Color of Money: We must all fight to defend a key watchdog for financial fairness

Michelle Singletary on

-- Businesses can't make enough money off consumers. Already Mulvaney has issued a 30-day freeze on new regulations. His reason: To make sure there isn't a "choking off" of financial services.

Think about this for a minute. Not even a week into the job and Mulvaney is putting the interests of corporations ahead of consumers.

We are already a nation of debtors. That's part of the reason we fell into a recession. Everybody and their mama could get a loan.

Some argue that Mama should get the loan she wants. It's her choice. Except we all pay when people are saddled with debt they can't afford. Surely you haven't forgotten the Wall Street bailout?

-- Congress can't control the agency's budget. The CFPB funding comes from the Federal Reserve, and it was set up that way to purposefully avoid partisan meddling and influence peddling by the financial industry, which the agency is charged to police.

The crusade against the CFPB has become so clever that I get emails like this one from a reader: "If I understand correctly, you are advocating for Uncle Sam to tell a grown woman what she can or cannot buy with her own money? If the lender is truthful and the woman is of sound mind, the government needs to stay quiet."

There was no question about that "if." Some companies weren't and aren't truthful. It was state and federal oversight that finally caught Wells Fargo, which was found to have opened millions of unauthorized bank and credit card accounts.

The CFPB isn't telling people what they can do with their money. It's simply making sure that companies clearly disclose information that people need to make better financial decisions.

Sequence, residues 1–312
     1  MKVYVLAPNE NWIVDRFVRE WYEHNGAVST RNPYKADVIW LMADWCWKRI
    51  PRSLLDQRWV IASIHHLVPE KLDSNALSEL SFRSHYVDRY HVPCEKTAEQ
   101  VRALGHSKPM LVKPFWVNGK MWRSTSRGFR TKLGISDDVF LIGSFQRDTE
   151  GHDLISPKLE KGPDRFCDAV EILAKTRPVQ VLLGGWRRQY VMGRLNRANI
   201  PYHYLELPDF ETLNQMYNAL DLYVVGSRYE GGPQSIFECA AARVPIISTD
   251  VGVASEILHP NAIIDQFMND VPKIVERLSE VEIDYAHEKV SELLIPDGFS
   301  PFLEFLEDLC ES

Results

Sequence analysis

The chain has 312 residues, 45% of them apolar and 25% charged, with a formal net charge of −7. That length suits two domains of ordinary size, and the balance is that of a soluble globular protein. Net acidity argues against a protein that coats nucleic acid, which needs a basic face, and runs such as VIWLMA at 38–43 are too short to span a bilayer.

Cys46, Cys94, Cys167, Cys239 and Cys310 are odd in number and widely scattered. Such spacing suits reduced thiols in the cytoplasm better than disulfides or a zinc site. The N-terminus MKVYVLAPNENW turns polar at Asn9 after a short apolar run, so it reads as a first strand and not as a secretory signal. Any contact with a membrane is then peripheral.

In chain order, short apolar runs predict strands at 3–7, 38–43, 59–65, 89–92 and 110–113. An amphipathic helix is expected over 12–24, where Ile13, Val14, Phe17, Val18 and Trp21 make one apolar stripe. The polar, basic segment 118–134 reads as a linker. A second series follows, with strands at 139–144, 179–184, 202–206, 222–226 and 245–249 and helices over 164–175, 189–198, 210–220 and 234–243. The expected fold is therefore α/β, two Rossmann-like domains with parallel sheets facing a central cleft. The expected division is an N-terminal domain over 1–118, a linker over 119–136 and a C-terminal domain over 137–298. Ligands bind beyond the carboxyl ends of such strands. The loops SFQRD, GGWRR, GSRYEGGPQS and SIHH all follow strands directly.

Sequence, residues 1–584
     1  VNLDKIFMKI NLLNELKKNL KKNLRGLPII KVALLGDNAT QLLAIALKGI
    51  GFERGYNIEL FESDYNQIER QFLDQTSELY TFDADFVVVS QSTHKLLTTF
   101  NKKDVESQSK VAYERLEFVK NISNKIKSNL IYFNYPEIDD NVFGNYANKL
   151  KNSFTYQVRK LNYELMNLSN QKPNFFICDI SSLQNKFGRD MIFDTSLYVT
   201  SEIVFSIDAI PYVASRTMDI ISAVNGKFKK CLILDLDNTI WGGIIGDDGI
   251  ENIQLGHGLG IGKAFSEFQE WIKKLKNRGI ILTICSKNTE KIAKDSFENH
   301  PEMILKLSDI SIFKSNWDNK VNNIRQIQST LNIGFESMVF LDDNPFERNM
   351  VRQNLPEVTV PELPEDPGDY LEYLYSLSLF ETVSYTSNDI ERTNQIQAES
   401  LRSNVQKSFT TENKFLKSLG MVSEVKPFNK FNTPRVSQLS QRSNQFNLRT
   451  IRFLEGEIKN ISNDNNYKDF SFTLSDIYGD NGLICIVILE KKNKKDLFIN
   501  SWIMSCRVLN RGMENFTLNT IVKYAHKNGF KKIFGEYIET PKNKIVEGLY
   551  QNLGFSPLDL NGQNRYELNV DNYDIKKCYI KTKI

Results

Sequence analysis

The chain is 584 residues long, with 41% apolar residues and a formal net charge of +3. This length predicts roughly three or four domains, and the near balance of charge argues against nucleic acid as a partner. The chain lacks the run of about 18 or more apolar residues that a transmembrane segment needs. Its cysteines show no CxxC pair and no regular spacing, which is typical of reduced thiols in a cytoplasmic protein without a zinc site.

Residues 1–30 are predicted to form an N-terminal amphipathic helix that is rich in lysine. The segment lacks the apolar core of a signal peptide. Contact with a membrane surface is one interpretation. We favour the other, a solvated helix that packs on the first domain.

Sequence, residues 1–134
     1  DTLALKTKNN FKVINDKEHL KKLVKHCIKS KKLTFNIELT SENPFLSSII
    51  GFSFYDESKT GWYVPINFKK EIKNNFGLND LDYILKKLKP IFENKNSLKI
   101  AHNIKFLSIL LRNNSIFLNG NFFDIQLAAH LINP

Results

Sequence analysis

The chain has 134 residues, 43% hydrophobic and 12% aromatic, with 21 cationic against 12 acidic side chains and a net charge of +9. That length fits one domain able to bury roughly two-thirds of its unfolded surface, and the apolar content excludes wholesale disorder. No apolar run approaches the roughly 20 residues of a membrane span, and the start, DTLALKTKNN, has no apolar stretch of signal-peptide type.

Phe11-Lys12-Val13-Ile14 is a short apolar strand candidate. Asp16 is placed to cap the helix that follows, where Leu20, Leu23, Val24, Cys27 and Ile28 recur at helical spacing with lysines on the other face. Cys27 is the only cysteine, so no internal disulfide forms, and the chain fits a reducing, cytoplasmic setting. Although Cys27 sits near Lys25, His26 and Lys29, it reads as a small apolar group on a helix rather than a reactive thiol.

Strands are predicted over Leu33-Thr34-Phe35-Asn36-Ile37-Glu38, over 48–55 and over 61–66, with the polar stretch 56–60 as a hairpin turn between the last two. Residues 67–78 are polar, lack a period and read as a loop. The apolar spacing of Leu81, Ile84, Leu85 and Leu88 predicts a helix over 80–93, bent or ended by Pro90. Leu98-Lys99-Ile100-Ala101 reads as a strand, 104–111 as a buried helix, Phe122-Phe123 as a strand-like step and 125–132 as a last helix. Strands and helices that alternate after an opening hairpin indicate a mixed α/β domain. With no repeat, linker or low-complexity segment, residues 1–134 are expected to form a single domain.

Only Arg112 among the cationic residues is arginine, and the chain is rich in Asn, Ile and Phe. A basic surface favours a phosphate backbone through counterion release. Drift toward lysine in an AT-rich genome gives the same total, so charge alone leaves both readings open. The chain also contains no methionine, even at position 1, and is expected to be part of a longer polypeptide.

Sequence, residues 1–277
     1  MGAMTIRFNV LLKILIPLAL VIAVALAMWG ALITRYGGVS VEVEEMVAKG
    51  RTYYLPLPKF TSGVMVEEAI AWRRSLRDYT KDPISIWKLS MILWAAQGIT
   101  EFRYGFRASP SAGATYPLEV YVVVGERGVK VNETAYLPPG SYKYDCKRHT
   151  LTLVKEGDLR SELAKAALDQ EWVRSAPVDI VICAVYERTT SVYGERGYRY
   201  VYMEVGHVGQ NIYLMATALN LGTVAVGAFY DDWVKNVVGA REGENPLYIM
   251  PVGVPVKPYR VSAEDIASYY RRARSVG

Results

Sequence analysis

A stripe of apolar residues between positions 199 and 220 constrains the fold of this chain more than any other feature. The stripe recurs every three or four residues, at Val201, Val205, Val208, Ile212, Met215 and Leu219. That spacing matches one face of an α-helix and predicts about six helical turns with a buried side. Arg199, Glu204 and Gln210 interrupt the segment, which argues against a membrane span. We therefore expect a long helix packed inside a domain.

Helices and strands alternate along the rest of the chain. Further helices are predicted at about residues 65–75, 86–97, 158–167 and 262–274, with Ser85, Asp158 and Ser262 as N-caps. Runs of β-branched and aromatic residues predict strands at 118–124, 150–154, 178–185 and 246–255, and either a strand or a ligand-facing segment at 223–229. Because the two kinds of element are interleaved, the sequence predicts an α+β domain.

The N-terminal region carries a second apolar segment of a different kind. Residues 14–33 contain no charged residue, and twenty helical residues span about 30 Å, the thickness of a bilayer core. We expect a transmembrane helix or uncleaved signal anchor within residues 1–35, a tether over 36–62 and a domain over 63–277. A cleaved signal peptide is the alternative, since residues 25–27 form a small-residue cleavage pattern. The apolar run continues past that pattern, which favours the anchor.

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Partisan politics aside, please remember why the agency came about. It was part of the Dodd-Frank Act and was directed to look at the rules governing credit cards, mortgages, student loans and other financial products aimed at consumers. We needed a superhero to put us back on track.

In a tweet on Monday, the Leadership Conference on Civil and Human Rights wrote, "If the 2008 financial crisis showed us anything, it's that consumers need and deserve a strong and independent regulator to look after the interests of American consumers. #DefendCFPB"

Take to Twitter, the forum we know Trump values. Use the #DefendCFPB hashtag and let your voice to be heard. If you don't speak up in defense of this agency, you will lose an important watchdog for financial fairness.


Readers can write to Michelle Singletary c/o The Washington Post, 1301 K St., N.W., Washington, D.C. 20071. Her email address is Follow her on Twitter (@SingletaryM) or Facebook ( Comments and questions are welcome, but due to the volume of mail, personal responses may not be possible. Please also note comments or questions may be used in a future column, with the writer's name, unless a specific request to do otherwise is indicated.

(c) 2017, Washington Post Writers Group



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